Beyond the Bootcamp: How can garbage collection fail us?

Welcome back to this week’s edition of Beyond the Bootcamp!

Today, we’ll take a look at how garbage collection can still result in memory leaks.

Recall in last week’s edition that we learned that garbage collection is the process in which the programming language tracks what pieces of memory a program is referencing. Once the program is no longer making reference to a particular piece of memory, the language’s garbage collector frees that piece of memory so that the program can reuse that memory address if necessary. While this sounds like a nice scheme, how can this go wrong?

Let’s illustrate with an example

Imagine we’re tasked with implementing a Stack class backed by an array. Below is a barebones implementation of a Stack class in Java:

In the above snippet, the Stack class exposes two operations, push and pop. Push adds an item on the top of the stack while pop removes the item from the top of the stack.

Now let’s assume we’re running piece of code on a long running server and we start to observe the server is continuing to see a steady increase in memory. What could be the issue?

Let’s dig a little deeper

Let’s take a look at the internals of the Stack class to see if we can spot any problems. The push method is simple. It first checks to see if the array can hold another element on the stack. If it can’t, then it will resize itself by allocating a new array and copying all the elements from the original array to the new array.

After doing so, it will assign arr[size] to the element pushed onto the stack then increment size by 1 for the next element. Simple enough right?

As for the pop operation, we’ll look back 1 index (since size is now pointing toward where a new element should be placed) to fetch the top element. We’ll then decrement the size of the stack and return the element.

Here’s a pictorial representation of pop:

In the above picture, we initially have 5 elements in the stack. After calling stack.pop(), we decrement the size of the stack by 1 so there are 4 elements on the stack. Remember, whenever we call pop, we return the value the index before size. The current element that size is pointing to is not part of the stack.

As we continue to call stack.pop(), are there issues with this approach?

Remember how garbage collection works

Remember that the way the garbage collection process works is that it figures out what addresses of memory have no more references to it and then frees that piece of memory. Simply storing references to the Object elements in the array indicates to the garbage collector that the program is still using that piece of memory even if it has no use for it.

Thus, when the garbage collector runs to free up memory, it never frees up the elements that are stored on the array that aren’t used anymore which leads to a memory leak.

How do we fix the leak?

To stay in accordance with how the garbage collector works, after popping an element off of the stack, we can simply set the value in the array back to null so that we’re not storing a reference:

And voila! Now every time we pop an element off of the stack, we’ll clear the reference to the object in the array so that the garbage collector can correctly reclaim memory to be reused throughout the lifecycle of the program.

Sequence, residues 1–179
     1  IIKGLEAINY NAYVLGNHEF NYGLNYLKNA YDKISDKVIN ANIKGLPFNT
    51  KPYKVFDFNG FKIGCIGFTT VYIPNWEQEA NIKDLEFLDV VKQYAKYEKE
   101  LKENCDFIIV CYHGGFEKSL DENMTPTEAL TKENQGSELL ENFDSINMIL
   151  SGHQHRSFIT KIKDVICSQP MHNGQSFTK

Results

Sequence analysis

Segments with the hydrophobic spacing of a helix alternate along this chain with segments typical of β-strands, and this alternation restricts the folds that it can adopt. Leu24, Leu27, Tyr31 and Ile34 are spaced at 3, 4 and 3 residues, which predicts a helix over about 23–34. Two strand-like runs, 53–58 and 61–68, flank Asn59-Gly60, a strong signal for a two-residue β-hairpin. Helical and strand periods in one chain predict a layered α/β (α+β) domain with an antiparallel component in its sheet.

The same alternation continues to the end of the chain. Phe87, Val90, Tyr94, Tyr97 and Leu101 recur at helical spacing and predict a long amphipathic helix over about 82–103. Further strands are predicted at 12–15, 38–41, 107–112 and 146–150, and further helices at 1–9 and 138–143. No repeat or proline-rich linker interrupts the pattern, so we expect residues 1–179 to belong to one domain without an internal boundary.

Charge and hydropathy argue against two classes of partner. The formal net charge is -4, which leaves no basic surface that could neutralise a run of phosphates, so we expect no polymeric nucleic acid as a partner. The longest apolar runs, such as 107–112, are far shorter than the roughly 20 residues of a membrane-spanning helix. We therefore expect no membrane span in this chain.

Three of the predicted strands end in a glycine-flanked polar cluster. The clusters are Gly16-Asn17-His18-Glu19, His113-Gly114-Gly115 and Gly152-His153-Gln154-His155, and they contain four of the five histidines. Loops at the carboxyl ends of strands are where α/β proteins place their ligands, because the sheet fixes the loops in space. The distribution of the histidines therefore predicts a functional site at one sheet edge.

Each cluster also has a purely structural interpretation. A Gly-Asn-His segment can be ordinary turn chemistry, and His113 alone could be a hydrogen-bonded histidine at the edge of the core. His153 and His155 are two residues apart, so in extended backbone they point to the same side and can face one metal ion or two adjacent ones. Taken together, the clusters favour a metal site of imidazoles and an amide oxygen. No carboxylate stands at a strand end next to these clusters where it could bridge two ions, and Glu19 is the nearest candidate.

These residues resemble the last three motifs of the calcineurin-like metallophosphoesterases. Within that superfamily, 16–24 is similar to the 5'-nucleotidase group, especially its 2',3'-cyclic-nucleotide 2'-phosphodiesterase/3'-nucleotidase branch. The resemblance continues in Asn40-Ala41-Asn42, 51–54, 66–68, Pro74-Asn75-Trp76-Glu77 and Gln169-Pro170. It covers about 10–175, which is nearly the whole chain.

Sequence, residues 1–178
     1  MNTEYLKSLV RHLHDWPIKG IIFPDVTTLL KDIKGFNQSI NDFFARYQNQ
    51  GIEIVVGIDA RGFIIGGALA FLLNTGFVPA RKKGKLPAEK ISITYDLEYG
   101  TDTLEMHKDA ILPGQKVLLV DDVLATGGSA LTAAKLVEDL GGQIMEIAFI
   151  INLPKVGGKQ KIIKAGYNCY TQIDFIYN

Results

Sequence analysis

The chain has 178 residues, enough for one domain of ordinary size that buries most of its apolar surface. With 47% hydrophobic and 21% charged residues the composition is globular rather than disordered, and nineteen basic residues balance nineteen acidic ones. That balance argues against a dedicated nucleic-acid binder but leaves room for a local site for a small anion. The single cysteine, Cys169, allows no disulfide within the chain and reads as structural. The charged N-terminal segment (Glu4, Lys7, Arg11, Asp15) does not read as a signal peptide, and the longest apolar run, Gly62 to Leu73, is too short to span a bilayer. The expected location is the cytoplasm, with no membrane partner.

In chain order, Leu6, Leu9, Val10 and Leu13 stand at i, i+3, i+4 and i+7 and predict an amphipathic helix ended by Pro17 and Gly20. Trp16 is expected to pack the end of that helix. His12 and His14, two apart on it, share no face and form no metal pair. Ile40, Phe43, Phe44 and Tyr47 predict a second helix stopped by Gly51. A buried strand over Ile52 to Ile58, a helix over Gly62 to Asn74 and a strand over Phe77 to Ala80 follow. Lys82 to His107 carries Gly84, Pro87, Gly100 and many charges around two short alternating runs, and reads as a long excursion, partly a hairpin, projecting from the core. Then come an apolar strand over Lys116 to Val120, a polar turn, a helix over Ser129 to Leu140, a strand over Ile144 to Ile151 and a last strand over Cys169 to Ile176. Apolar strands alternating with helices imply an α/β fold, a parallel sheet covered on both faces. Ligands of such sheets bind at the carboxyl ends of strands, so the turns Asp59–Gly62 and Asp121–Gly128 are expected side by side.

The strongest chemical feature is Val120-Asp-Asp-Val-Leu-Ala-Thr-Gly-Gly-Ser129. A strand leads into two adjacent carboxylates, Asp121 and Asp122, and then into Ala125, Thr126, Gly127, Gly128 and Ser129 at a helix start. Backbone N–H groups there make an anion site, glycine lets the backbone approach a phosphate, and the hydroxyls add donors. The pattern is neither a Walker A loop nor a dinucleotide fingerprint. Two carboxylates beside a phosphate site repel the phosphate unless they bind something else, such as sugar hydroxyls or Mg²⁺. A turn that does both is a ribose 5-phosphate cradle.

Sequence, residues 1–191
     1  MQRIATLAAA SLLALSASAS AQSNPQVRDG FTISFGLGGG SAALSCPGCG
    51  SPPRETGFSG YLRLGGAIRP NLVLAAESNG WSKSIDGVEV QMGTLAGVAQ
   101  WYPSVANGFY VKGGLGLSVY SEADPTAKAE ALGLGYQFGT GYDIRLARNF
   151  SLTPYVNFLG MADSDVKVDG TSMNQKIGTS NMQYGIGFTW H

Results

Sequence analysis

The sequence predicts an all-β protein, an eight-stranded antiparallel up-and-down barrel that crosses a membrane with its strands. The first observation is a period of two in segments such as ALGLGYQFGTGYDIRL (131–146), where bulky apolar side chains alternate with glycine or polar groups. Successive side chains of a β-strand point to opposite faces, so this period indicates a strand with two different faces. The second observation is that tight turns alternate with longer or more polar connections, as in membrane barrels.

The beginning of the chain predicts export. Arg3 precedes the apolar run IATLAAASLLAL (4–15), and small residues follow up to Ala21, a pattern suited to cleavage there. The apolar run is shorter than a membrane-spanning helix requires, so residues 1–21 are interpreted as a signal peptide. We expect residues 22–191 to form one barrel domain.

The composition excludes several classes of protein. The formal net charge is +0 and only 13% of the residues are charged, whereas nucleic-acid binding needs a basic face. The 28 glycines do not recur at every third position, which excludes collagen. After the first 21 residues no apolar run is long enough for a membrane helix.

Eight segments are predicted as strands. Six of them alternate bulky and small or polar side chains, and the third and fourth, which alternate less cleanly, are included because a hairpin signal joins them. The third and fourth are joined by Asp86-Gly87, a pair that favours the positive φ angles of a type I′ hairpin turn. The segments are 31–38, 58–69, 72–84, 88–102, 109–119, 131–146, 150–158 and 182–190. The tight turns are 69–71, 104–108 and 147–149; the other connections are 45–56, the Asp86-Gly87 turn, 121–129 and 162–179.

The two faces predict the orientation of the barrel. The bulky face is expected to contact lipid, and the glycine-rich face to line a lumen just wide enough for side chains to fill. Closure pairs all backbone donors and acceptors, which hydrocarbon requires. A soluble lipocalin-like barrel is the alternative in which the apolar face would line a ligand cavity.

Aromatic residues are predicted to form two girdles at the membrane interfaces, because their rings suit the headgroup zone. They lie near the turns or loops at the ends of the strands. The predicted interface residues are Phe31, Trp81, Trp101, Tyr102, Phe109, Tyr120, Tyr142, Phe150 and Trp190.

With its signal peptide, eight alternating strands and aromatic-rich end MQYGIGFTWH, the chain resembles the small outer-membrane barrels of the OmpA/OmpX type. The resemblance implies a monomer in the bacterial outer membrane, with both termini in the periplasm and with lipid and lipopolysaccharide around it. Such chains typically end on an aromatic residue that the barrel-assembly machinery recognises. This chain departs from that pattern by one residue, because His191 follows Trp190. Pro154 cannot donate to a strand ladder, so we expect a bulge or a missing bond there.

So… if it’s not a leak what happens when we run out memory?

As I mentioned last week, if a process runs out of memory, it will start chunks of memory to disk. Most programming languages set a memory limitation depending on the version and operating system. Typically, for a language like Java, it’s set to 2–4 gigabytes and it will throw an OutOfMemoryException if it’s exceeded.

However, the number of gigabytes that a process allocates is not always how much memory the hardware has. If a computer has 8 gigabytes of memory but the programmer tells Java to allocate 16 gigabytes of memory, there could be a case in which the Java process exceeds the amount of physical memory available. In this case, the process starts writing chunks of memory to disk.

What does that look like?

Below is an example where I spun up a Java process on my Mac, allocated a large array of objects to an array, then made a copy of a subset of that array to drop the memory usage. Notice that there’s 8 gigabytes of physical memory available but there’s some swap space being used, 889.0 MB to be exact.

If you’re using a Mac, you can find this information on Activity Monitor.

Can we turn off swapping?

While we technically could turn of swapping, the program would crash once we ran out of physical memory. If the swap files are deleted, the program would also crash!

Wrapping up the module

In this module, we explored the basics of memory. In particular, we took a look at how the operating system makes use of layers of caching to speed up program execution while leveraging both spatial and temporal locality, limitations of memory and where it’s stored, and how programming languages help us manage memory for us along with avoiding common pitfalls.

In our next module, we’ll be taking a look at how we can make programs run blazing fast by leveraging multiple cores on a computer to allow for simultaneous execution within a single process. We’ll be exploring all the nuances and issues that come with concurrency within a program and how we can avoid them to get the most out of computer hardware as possible.

Until next time!

CS @ UW • SDE @ Amazon •

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